Slovenian President Set to Beat Ex-Comic in RunoffBy
Sunday’s vote pits incumbent Pahor against Kamnik mayor Sarec
Challenger opposes reappointing ECB’s Jazbec to central bank
Slovenian President Borut Pahor has one obstacle on his path to re-election: a comedian-turned-mayor who vows to shake up the political establishment and replace the head of the central bank.
Pahor, a former Social Democrat prime minister, is set to win Sunday’s runoff with more than 56 percent of vote, a poll by Episcenter conducted for the Delo newspaper showed Friday. He would be the first Slovenian president in 15 years to claim a second term. In the first round of voting three weeks ago, he fell short of the 50 percent needed for outright victory, garnering 47 percent. His rival in the European Union and euro-area nation, Marjan Sarec, got 25 percent.
“Pahor appears to have a decent lead, but not an unbeatable one,” Otilia Dhand, an analyst at Teneo Intelligence in Brussels, said by phone. “The runoff is thus a battle to watch rather than a foregone conclusion.”
While largely ceremonial, presidential powers in the ex-Yugoslav country of 2 million people, birthplace of Melania Trump, include proposing candidates to lead the central bank. That role carries with it a seat on the European Central Bank’s rate-setting panel. The runoff will also hint at voters’ appetite for potential newcomers to test Prime Minister Miro Cerar’s three-party coalition at parliamentary elections next year. The government is set to become the first to finish a full term since 2007.
The 54-year-old Pahor has already completed an unlikely comeback. Forced out of government in 2011 as voters rejected his plan to tackle fallout from the global financial crisis, he recovered to win the presidency just a year later. The former fashion model has connected with voters by hiking 700 kilometers (430 miles) across the nation’s Alpine terrain, documenting his exploits via a slick social media campaign.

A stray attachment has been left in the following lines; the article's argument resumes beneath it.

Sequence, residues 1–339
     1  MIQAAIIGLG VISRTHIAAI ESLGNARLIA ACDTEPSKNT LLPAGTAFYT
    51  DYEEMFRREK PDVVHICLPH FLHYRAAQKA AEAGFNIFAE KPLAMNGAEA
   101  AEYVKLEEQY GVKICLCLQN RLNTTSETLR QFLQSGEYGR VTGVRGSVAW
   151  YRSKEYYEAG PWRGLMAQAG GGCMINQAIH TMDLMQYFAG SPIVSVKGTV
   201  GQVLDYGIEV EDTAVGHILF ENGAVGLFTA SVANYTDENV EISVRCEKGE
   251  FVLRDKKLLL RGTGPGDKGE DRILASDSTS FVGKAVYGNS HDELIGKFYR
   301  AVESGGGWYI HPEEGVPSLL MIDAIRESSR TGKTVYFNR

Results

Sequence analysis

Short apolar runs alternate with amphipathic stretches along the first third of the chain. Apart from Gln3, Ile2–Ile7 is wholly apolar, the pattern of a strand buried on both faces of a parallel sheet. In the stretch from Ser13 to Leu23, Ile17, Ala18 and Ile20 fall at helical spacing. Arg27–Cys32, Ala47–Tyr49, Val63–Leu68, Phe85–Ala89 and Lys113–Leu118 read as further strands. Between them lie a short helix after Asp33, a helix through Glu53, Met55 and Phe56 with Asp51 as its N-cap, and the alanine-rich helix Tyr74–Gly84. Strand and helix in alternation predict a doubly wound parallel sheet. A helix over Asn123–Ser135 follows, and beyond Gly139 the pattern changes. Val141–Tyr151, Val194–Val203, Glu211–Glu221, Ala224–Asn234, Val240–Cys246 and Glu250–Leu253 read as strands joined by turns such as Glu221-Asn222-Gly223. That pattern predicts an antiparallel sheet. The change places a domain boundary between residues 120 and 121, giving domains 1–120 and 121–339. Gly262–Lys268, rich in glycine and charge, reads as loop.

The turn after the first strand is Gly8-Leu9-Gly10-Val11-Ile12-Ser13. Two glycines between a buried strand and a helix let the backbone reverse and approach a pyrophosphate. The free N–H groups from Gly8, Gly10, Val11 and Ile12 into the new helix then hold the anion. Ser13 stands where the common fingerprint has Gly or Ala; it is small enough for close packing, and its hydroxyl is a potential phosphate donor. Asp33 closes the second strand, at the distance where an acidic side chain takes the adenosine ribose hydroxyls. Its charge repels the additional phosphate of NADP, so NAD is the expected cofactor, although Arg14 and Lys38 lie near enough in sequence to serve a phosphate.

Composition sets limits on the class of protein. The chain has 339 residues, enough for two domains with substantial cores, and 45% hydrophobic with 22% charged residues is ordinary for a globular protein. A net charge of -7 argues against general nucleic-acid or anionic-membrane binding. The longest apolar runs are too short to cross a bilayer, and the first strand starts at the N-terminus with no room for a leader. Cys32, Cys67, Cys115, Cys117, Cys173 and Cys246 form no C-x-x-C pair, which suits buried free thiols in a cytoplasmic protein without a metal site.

Pahor’s upstart challenger is the 39-year-old mayor of Kamnik, a town of 29,000 people located 22 kilometers north of the capital, Ljubljana. Sarec, who’s coy on whether he’ll create a party to run for parliament, accuses the incumbent of dodging tough decisions on health care, the corruption commission and a 3.2 billion-euro ($3.7 billion) bank rescue.
Questioning the generosity of that bailout, which came in 2013 as Slovenia teetered on the brink of a Greece-like collapse, Sarec told Bloomberg this week that the central bank needs “new people.” Governor Bostjan Jazbec’s term ends in 2019.
The two candidates sparred in a televised debate Thursday evening about the fate of the country’s biggest lender, which received state aid four years ago and had been slated for privatization until the government halted the sale this week.
Pahor favors the sale of Nova Ljubljanska Banka d.d., saying “we would have a good bank and not a state-owned one.” Sarec opposes the move on the basis that “now isn’t a good moment to sell as Slovenia wouldn’t get back the money it spent on its rescue.”
While Pahor is avidly pro-European, Sarec has said he’s against an “EU federation.” That stance chimes more with the nationalist rhetoric that’s arisen recently in other parts of ex-communist eastern Europe, such as Poland and Hungary.
After failing to avoid the runoff, Pahor said he believes he still stands a good chance of success. Sarec has other ideas.
“I entered this race because I want to change things,” the challenger said in an emailed response to questions.